WH Smith shook the retail sector yesterday with a swingeing profit warning after a disastrous Christmas as it sacked the head of its core UK retail business.
Shares in the company, which has been struggling to reinvent itself for years, slumped 11 per cent to 245p after analysts took a knife to their profit forecasts, slashing current-year expectations by up to 40 per cent. The music retailer HMV, Iceland-owner the Big Food Group, French Connection and Dixons were among those in the fallout.
The company, knocked sideways by an unrelenting barrage from supermarkets and specialist books and music retailers, warned job losses were likely as it announced that Beverley Hodson, the managing director of UK retail, was leaving "with immediate effect". It employs 1,200 staff at its head offices in Swindon and London and 20,000 across its 550 shops.
Ms Hodson's departure, widely anticipated after the company appointed an outsider, Kate Swann, as chief executive, is likely to reignite the row over payments for failure coming weeks after she was awarded a £112,000 bonus as compensation for missing out on the top job. Ms Hodson is in line for a payoff of up to £330,000, although the group said no settlement had been reached yet. Institutional investors, already concerned at the lavish scale of Ms Swann's pay packet, are limbering up for the annual meeting on 27 January.
In a hastily prepared trading update, the company blamed the double whammy of "disappointing sales and margin pressure" for warning of a "material profit shortfall against current expectations". Seymour Pierce cut its forecasts for 2004 from £108m to £68m and for 2005 from £125m to £78m. "What has emerged can only be described as disastrous," Richard Ratner, an analyst at the brokerage, said.
Like-for-like sales for the 17 weeks to 27 December were flat, while the gross margin fell by 2 percentage points, the company said. Entertainment fared worst, with underlying sales of videos, CDs and DVDs sliding by 3 per cent. Stationery was also poor, with underlying sales falling 2 per cent. Even the 2 per cent like-for-like sales gain in books was viewed poorly given the retailer's aggressive sales push.
Ms Swann, who took over from Richard Handover in November, said Christmas trading had been "very disappointing". She was blunt about the challenges facing the group. "A lot needs to change in our high street retail business. It has not had a good Christmas, partly because the high street is soft and partly of our own making. The business has lost its way. We need to be brutally honest and deal with the real issues even if they are unpleasant, such as writing down stock."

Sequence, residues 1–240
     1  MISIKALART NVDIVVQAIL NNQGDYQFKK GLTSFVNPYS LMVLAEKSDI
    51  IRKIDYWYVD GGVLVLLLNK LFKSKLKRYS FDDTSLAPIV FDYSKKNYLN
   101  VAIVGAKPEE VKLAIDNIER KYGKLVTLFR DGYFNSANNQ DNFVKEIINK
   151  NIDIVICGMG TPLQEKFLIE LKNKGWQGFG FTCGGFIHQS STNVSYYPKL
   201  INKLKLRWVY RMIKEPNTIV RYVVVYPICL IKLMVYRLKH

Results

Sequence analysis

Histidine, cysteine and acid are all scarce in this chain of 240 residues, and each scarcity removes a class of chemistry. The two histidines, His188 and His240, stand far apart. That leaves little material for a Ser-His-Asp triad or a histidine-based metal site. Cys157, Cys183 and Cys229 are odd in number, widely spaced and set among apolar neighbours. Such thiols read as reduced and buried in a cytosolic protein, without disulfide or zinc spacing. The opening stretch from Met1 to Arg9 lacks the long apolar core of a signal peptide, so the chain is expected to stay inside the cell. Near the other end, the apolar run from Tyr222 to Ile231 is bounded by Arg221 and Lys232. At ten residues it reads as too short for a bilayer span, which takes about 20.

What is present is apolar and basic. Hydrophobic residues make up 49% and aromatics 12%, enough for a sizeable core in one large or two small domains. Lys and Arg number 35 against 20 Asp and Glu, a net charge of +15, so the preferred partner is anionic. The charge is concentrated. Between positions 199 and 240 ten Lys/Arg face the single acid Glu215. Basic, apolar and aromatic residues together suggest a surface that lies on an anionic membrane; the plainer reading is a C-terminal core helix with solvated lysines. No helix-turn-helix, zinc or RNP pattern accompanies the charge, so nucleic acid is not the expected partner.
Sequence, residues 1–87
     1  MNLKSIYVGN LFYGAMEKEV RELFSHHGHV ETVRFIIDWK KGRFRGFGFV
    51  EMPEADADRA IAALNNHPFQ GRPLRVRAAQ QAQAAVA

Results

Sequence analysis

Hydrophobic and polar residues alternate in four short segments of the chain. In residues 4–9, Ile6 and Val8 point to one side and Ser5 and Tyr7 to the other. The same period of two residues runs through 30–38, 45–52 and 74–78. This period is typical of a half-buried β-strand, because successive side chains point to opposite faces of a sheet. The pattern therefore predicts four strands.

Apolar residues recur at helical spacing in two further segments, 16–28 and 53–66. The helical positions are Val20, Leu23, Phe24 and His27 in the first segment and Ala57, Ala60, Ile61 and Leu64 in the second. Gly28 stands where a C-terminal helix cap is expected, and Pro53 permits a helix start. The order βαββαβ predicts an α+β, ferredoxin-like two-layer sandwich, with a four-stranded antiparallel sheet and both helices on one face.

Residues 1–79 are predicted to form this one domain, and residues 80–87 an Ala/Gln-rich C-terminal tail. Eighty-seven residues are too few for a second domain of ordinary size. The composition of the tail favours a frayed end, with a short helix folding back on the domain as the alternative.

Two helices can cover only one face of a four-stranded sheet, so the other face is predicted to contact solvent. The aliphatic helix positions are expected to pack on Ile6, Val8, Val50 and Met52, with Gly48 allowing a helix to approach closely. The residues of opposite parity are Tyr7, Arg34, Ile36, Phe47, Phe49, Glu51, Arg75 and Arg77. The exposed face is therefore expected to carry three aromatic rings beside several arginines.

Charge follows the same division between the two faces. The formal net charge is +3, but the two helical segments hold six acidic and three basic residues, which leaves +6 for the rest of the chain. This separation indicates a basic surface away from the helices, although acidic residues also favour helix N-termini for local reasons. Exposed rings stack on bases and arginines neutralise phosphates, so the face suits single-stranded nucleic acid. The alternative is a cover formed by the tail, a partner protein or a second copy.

She was critical of the retailer's festive strategy, intended to compensate for a poor Christmas the previous year, singling out a "confusing" promotional strategy for particular censure. A lack of focus on core products and teething problems with a new operations system also hindered, she admitted. The plethora of offers - from two books or DVDs for £20, to "three for two" on books, cards, gifts and wraps - had bewildered customers so much that they had left the store empty handed, Ms Swann admitted.
Some analysts were sceptical that the group, a high street stalwart for more than 200 years, could be salvaged. "Kate Swann has got a very major problem. A lot of people struggle to see what the solution is. There isn't a compelling logical rationale for the group to exist in its current format," one said. "Smith's falls between two stools. It doesn't offer a sufficiently wide range of products like Argos, but is not particularly authoritative on the likes of books and music," Mark Charnock, at Investec Securities, said.
Most analysts believe one of Ms Swann's tasks will be to cut the dividend, which yields some 8 per cent. They have also raised question marks over the future of the Hodder Headline publishing arm, its news distribution operation and its 200 stores in Hong Kong, Singapore, Australia and New Zealand, arguing there are few synergies between the divisions. It has already sold its loss-making airports and hotels business in the US. Asked if she planned to reshape the group, Ms Swann said: "My focus is on retail. Therefore I don't plan to change anything so far as news and publishing are concerned."
Smith yesterday warned its dire Christmas, responsible for 60 per cent of group profits, had left it with mountains of unsold books and CDs.
WHStricken: Stationary Times
May 1995: Profits alert as core chain loses appeal.
August 1995: Unveils "Project Enliven" to make shopping "exciting, lively and colourful".
January 1996: Bill Cockburn is surprise choice as chief executive.
June 1996: Axes 1,100 jobs; sells 50 per cent stake in Do It All to Boots; disposes of office stationery arm; expandsrecords, books and airport retailing businesses.
August 1996: Announces worst figures in 204-year history: £195m loss after restructuring charges. Warns recovery will take four years.
May 1997: Appoints Beverley Hodson head of UK retail.
June 1997: Bill Cockburn quits.
September 1997: Company veteran Richard Handover takes over as chief executive.
October 1997: Audacious £1bn hostile bid from Tim Waterstone fails; forced to demerge Waterstone's and sell Virgin-Our Price.
March 1999: Embraces digital age with education-focused ISP.
May 1999: Bolsters publishing arm with £185m acquisition of Hodder.
January 2001: Axes plans for magazine distribution deal with Tesco.
October 2001: Abandons sale of news distribution after failing to agree price.
January 2003: Sales slide over festive season.
August 2003: Profit warning blames hot weather. Finally sells loss-making US hotels and airports business.
November 2003: Kate Swann, former Argos head, named chief executive; Richard Handover steps up to chairman.
January 2004: Fresh profits warning blamed on tough trading conditions. Beverley Hodson sacked.Reuse content